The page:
• 1
    Cmaldonado02 likes this.

    What they are looking for in terms of a reaction was listed in the blurb from the CDC that I posted: "induration (palpable, raised, hardened area or swelling)." So yes a 'bump'. And they would look right in the area where the test was given.

    Mine typically become very red as well as tender(feels much like a bruise) but I've never had an induration/bump. As the previous poster mentioned, without being able to see/feel your test there is no way we can tell you if its + or -

  • 0

    All the sinks in the bathrooms and in the kitchen have liquid soap. Whether or not they are anti-bacterial depends on whats on sale that week.

    For the shower, its either Dove or Olay body wash for the body and Ivory soap for my face. I have very sensitive skin that dries out very quickly...add in Eczema and using anything other than a body wash on my body (ie: bar soaps) dries my skin out.

  • 1
    Cmaldonado02 likes this.

    Redness does not mean a + ppd. The person reading the test does not (or should not) measure the redness but the induration.

    According to the CDC : The reaction should be measured in millimeters of the induration (palpable, raised, hardened area or swelling). The reader should not measure erythema (redness). The diameter of the indurated area should be measured across the forearm (perpendicular to the long axis). CDC | TB | Fact Sheets - Tuberculin Skin Testing for TB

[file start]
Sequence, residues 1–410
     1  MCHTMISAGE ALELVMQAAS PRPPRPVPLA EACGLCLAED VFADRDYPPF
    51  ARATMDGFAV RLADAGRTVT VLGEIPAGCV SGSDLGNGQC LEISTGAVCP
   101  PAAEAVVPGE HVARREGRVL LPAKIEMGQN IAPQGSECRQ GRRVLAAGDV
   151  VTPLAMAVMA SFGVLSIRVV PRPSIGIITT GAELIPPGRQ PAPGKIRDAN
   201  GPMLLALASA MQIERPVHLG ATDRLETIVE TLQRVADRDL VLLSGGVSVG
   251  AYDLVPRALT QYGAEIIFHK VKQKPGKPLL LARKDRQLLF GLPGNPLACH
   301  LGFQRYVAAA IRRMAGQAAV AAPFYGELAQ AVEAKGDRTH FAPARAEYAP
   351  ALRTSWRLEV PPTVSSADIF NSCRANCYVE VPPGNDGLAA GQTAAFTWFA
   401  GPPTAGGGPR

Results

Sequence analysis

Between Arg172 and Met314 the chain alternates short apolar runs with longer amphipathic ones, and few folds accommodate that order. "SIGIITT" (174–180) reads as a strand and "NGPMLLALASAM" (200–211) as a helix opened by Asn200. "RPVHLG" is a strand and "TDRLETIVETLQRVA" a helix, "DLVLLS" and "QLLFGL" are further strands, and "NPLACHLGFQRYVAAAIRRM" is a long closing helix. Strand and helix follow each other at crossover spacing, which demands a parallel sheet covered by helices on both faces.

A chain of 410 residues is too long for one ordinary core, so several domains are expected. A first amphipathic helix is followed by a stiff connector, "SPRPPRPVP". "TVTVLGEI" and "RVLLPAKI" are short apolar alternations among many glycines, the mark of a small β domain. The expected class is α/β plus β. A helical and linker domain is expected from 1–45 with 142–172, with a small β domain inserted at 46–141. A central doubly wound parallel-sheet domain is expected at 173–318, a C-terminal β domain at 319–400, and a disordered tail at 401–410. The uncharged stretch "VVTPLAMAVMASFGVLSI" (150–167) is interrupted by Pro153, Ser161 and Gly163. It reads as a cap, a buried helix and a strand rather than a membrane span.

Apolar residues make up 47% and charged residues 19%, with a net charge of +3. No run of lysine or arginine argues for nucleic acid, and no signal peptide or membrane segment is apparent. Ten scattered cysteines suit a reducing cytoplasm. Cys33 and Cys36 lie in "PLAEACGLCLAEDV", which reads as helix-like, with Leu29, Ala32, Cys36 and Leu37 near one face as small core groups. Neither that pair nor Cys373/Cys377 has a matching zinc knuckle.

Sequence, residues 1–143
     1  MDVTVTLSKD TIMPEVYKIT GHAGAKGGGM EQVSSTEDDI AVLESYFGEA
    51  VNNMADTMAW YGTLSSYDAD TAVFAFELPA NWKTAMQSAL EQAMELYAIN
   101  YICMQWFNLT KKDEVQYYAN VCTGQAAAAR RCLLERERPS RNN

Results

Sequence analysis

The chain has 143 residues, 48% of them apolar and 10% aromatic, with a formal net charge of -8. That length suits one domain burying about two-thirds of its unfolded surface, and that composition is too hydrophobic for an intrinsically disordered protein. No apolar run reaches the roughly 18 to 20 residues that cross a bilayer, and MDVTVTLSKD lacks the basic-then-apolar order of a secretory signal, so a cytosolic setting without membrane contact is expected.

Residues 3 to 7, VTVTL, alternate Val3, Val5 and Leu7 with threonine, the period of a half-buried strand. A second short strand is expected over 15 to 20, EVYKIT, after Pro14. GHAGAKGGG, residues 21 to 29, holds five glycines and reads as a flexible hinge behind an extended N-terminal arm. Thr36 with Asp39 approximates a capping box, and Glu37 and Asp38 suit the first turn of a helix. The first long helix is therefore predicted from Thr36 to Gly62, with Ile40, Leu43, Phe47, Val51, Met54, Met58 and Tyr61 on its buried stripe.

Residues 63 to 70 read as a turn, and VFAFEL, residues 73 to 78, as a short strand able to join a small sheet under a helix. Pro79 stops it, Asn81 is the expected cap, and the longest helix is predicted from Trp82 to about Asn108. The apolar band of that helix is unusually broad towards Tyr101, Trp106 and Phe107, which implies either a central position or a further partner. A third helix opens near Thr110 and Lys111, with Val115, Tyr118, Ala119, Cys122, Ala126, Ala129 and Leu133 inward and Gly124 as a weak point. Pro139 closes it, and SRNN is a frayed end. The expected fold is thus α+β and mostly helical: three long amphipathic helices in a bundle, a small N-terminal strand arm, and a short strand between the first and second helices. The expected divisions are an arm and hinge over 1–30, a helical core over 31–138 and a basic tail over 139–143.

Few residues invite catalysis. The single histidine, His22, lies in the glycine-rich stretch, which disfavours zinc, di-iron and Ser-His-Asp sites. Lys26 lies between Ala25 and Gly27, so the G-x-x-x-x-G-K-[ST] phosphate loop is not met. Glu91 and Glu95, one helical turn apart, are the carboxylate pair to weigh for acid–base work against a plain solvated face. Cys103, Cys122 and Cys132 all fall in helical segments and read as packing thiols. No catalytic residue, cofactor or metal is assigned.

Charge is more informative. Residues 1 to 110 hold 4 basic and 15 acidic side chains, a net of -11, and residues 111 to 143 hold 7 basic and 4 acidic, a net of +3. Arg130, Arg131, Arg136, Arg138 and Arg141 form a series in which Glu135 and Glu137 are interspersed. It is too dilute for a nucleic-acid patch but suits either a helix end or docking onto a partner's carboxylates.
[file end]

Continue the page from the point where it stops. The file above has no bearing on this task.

Your test should be read either today or tomorrow since they have to be read within 48-72 hrs after being placed or they are void and need to be redone.

  • 0

    Contrary to popular belief, getting the last question right or wrong does not indicate you passed (if you answered correctly) or fail (if you answered incorrectly). Each test has a certain number of questions that are 'test' questions they use and in no way impact your scoring. I know 100% I answered my last question wrong...passed. My best friend in class knows she got her last question correct and she failed.

    Also, getting a high/low number of SATA, drag/drop or any other form of alternative question does not indicate you are doing well (if you get a lot of them) or doing poorly (if you don't get many. They are simply an alternate way to ask a question.